There is something relaxing about the experience of enjoying a good book, whilst watching scenery morph before your eyes. Up the West coast of Peninsular Malaysia, we travelled, through the state of Selangor and into Perak, passing through vast fields of palm oil plantations, wetlands of water buffalo and tiny regional villages.
We were up and away on a scenic railway journey up to Taiping, a historic Northern Malay city in the state of Perak. Having caught trains across many different countries in the world, I am still stunned at the quality of Malaysian trains. The seats and carriages rival those in the nicest parts of Western Europe, at a fraction of the price tag.
From Kuala Lumpur to Taiping by Rail
It was a hot, yet unusually dry afternoon for Taiping, known as the wettest place in the country. Leaving the railway station on foot, heavy packs on our backs ready for a sweaty walk down the main road. With only 24 hours to spend here, our efforts were concentrated. We made our way toward the Lake Gardens, a 64-hectares of scenic lakes, decorated with grasses and flowers. The large trees vibrated with the motion of restless monkeys and a large water monitor lazed on the river banks akin to a sated crocodile.
In the early evening, the tropical rains started. The heavy waters were hammering down within minutes, leaving us marooned & drenched in an unfamiliar food court full of curious local onlookers. The walkways were slippery and attempting to get back without sliding over or slipping into a nearby drain was a challenge all in itself. But finally, as I thought it could rain like this for all the night, it stopped as suddenly as it had arrived.
The wonders of Malay Cuisine
Dinner was a remarkable hybrid of western, Malay and Chinese food cooked by a young Taiwanese street food vendor. He had come recommended by our hotel manager and his dumplings rival any that I would go on to taste in China. For a few dollars, we ate a large meal of dumplings, hot tea and pork burgers made with Chinese Bao bread buns.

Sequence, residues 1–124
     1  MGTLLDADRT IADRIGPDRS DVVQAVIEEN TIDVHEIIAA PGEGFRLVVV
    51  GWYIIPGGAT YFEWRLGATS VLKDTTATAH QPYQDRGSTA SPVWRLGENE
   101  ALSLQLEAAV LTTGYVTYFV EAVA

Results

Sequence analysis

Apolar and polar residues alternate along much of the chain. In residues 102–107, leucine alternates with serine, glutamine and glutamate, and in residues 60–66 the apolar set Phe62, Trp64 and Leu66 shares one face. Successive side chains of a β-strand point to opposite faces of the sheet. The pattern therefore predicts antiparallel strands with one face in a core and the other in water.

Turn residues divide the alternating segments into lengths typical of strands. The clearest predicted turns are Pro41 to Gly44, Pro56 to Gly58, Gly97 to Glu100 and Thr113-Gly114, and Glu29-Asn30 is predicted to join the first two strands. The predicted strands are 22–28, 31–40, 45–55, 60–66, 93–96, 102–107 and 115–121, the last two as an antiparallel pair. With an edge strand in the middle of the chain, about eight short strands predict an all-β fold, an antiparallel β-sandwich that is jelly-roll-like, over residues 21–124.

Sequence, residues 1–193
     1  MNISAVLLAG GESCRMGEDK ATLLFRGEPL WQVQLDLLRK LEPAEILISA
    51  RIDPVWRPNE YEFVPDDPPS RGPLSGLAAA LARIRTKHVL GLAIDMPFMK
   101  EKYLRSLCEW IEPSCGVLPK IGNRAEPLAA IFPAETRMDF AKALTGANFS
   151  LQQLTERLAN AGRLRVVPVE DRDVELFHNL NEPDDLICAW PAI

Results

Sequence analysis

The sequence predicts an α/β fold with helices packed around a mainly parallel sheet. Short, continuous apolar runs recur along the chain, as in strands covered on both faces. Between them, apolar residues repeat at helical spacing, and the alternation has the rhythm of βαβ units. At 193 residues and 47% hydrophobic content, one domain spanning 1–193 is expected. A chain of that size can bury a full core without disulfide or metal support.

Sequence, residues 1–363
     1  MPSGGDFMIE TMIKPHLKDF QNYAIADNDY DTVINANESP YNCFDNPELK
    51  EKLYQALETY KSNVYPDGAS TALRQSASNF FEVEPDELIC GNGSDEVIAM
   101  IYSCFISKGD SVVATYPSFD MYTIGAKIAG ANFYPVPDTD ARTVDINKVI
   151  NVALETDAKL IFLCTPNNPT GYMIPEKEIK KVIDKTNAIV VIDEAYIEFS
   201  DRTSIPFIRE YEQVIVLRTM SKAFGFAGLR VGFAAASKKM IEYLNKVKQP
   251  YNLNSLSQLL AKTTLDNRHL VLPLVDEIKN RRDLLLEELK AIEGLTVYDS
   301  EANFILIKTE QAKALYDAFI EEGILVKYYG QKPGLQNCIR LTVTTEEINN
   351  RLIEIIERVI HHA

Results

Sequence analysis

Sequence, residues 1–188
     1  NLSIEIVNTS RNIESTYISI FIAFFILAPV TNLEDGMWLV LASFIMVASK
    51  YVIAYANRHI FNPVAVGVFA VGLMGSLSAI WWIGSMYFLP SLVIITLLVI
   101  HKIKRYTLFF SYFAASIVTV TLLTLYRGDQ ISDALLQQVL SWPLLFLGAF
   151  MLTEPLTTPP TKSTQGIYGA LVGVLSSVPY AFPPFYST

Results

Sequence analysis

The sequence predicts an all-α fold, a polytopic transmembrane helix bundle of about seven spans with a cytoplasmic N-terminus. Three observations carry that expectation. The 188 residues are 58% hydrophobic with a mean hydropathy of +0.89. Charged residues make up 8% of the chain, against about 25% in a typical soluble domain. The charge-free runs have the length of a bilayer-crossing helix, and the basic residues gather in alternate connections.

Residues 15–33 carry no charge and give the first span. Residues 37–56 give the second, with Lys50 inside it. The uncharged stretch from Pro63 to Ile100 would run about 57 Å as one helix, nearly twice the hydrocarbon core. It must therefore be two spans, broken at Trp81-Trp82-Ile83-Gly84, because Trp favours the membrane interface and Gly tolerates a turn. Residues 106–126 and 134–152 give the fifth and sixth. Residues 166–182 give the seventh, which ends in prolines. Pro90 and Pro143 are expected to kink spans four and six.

Open air food courts are the most common eateries in the country, and also some of the most rewarding. Small stands stake their place around the edges of a large room, usually with 2-3 open sides and tables spilling out onto the nearby footpath. The venue itself handles the drinks, and it is through their drink attendants that you order all beverages. Once that’s out of the way, it’s up to you to choose which street food vendors you prefer. Head over to the vendor of your choice, tell them what you want and where you are sitting. When your food is ready, they’ll bring it over and take your payment. Simple, and perfect for taste testing from a variety of different vendors too. It’s an institution in Malaysia and I prefer it over being holed away in a restaurant all the time.
It had been a long day of travelling and an early start back in Kuala Lumpur, time for an early night. Tomorrow would be a new day and another train ride. This time heading up to the historic Colonial town, tropical island and my former home base of George Town, Penang.